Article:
Review: Vitamin D plus calcium is more effective than no therapy or calcium alone in corticosteroid-induced osteoporosisPDF
ACP J Club. 2000 Mar-Apr;132:57. doi:10.7326/ACPJC-2000-132-2-057
Amin S, LaValley MP, Simms RW, Felson DT. The role of vitamin D in corticosteroid-induced osteoporosis. A meta-analytic approach. Arthritis Rheum. 1999 Aug;42:1740-51. [PubMed ID: 10446876]
How effective is vitamin D compared with no therapy, calcium alone, or other osteoporosis drugs in the management of corticosteroid-induced osteoporosis?
Studies were identified by using MEDLINE (1966 to December 1997), Current Contents (October 1997 to January 1998), lists of conference abstracts, and bibliographies of relevant papers and by contacting drug companies and content experts.
Studies were selected if they were randomized controlled trials (RCTs) on the treatment or prevention of corticosteroid-induced osteoporosis; follow-up was ≥ 6 months; they compared a formulation of vitamin D (including its active metabolites and analogues) plus calcium or vitamin D alone with no therapy, calcium alone, bisphosphonates, calcitonin, fluoride, or hormone replacement therapy; and change in lumbar spine bone mineral density (BMD) was reported.
Study and patient characteristics, change in lumbar spine BMD, and rate of fracture.
61 RCTs were identified, and 21 studies of 23 comparison regimens met the selection criteria. Meta-analysis showed that vitamin D plus calcium decreased loss of lumbar spine BMD more than no therapy or calcium alone (P < 0.001, 9 studies) (Table). Similar results were shown in a sensitivity analysis comparing 2 studies of vitamin D alone and 9 studies of vitamin D plus calcium with no therapy or calcium alone (P < 0.001) and in subgroup analyses comparing vitamin D plus calcium with no therapy (P < 0.001, 4 studies), vitamin D plus calcium with calcium alone (P = 0.009, 5 studies), active metabolites or analogues of vitamin D with no therapy or calcium alone (P = 0.03, 4 studies), or vitamin D that was not in the form of an active metabolite or analogue with no therapy or calcium alone (P < 0.001, 5 studies). Bisphosphonates decreased loss of lumbar spine BMD more than vitamin D (P = 0.02, 6 studies), as did fluoride (P = 0.02, 2 studies) (Table), but calcitonin did not (P = 0.90, 4 studies).
Vitamin D plus calcium is more effective than no therapy or calcium alone but is less effective than bisphosphonates or fluoride in decreasing loss of lumbar spine bone mineral density in corticosteroid-induced osteoporosis.
Sources of funding: National Institutes of Health; Arthritis Foundation; Merck Frosst Canada Incorporated.
For correspondence: Dr. S. Amin, The Arthritis Center, Boston University School of Medicine, 715 Albany Street, A203, Boston, MA 02118, USA. FAX 617-638-5239.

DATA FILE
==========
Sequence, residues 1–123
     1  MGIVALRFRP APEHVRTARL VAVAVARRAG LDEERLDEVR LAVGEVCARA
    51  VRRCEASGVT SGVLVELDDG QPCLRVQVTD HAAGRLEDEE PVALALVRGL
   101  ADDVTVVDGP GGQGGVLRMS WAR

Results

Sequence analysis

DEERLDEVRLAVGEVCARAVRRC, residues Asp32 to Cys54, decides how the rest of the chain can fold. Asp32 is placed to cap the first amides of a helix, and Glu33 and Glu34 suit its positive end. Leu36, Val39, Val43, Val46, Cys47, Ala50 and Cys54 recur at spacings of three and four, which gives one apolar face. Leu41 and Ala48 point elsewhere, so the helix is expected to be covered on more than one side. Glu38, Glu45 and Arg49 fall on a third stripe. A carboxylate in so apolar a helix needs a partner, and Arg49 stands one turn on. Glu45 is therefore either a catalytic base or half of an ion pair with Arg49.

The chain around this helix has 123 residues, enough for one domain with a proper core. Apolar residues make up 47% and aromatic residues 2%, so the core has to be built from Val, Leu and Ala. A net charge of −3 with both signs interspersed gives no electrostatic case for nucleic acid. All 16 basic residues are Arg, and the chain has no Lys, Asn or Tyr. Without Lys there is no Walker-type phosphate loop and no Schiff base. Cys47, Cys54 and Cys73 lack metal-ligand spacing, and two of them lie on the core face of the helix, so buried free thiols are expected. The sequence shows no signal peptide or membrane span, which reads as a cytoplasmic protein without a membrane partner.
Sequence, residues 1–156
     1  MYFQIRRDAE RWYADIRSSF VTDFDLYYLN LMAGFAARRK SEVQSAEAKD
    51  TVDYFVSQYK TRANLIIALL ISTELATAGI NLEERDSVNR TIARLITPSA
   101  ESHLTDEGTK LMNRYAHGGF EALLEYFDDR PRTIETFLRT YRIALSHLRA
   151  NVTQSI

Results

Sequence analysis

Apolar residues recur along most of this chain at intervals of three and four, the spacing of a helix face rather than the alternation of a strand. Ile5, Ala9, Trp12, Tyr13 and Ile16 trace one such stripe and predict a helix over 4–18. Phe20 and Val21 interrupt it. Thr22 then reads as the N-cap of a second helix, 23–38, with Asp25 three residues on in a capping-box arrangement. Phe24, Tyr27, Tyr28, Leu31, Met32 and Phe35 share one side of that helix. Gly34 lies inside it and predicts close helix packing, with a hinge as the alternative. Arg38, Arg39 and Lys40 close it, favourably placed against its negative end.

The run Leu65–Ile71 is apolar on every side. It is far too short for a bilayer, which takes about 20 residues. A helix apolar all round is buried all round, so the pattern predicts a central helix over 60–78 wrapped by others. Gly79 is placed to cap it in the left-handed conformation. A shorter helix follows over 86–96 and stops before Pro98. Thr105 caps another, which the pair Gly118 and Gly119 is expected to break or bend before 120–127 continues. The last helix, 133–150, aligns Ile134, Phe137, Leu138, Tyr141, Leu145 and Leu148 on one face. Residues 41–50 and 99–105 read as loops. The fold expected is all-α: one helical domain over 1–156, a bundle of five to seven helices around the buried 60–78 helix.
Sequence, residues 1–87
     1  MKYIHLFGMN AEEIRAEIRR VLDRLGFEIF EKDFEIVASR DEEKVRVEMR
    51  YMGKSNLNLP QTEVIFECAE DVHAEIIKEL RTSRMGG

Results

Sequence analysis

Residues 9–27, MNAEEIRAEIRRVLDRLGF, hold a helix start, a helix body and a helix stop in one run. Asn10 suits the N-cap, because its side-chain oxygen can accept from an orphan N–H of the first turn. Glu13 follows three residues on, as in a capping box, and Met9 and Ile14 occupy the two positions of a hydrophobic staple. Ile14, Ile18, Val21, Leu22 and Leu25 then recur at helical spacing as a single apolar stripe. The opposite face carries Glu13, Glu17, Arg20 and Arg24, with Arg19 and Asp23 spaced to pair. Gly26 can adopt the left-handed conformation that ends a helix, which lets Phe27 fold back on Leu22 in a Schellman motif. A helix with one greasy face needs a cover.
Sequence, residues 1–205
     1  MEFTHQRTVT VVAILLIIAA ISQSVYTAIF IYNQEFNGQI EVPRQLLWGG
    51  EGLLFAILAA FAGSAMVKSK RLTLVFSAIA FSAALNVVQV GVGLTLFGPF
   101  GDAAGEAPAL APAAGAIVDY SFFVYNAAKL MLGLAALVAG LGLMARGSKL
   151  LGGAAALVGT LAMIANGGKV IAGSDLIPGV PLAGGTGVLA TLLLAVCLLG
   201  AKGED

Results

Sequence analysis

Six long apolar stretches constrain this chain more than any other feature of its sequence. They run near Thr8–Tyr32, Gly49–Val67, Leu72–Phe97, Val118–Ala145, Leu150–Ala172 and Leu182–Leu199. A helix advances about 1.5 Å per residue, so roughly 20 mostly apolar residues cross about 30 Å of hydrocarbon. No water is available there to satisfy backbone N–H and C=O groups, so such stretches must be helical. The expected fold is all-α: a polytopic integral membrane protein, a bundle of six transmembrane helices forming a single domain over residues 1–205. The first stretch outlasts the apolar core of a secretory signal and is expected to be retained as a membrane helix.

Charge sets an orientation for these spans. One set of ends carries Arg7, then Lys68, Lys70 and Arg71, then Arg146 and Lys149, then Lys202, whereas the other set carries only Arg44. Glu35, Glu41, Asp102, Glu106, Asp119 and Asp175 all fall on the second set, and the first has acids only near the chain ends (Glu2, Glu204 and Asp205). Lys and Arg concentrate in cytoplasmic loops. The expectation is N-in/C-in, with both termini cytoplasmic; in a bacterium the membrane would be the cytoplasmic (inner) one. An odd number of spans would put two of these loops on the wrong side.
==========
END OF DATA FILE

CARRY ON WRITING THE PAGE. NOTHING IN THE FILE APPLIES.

Table. Comparison of regimens for change in lumbar spine bone mineral density in patients receiving corticosteroids for follow-up between 6 and 24 mo
|Comparisons||Standardized mean difference (95% CI)|
|Vitamin D plus calcium vs no therapy or calcium alone||0.60 (0.34 to 0.85)|
|Bisphosphonates vs vitamin D||0.57 (0.09 to 1.05)|
|Fluoride vs vitamin D||0.66 (0.11 to 1.22)|
About 50% of patients receiving long-term glucocorticoid therapy experience bone loss and fractures (1). Vitamin D may be an effective treatment for steroid-induced osteoporosis because it stimulates calcium absorption from the gut and decreases the secretion and production of parathyroid hormone (2).
This well-conducted meta-analysis concludes that patients receiving long-term corticosteroids should, at a minimum, receive calcium and vitamin D supplementation. However, several clinically important questions, which this meta-analysis could not address because of limited data, remain unanswered. First, are all vitamin D formulations equal? Second, what is the optimum dose of vitamin D to balance efficacy and toxicity? Third, do some subgroups of patients benefit from vitamin D more than others (e.g., those with low levels of vitamin D)?
The analyses showed that vitamin D, with or without calcium supplementation, is less effective than bisphosphonate therapy. The combination of calcium, vitamin D, and bisphosphonate has been shown to be safe and effective for the prevention and treatment of steroid-induced osteoporosis (1). However, it is unknown whether vitamin D enhances the effect.
On the basis of this meta-analysis, physicians should ensure that their patients receiving long-term glucocorticoids also receive calcium and vitamin D supplementation. A bisphosphonate should be considered for those with osteoporosis or those at high risk for developing the condition.
Sophie A. Jamal, MD
Women’s College Hospital
Toronto, Ontario, Canada
1. Saag KG, Emkey R, Schnitzer TJ, et al. Alendronate for the prevention and treatment of glucocorticoid-induced osteoporosis. Glucocorticoid-Induced Osteoporosis Intervention Study Group. N Engl J Med. 1998;339:292-9.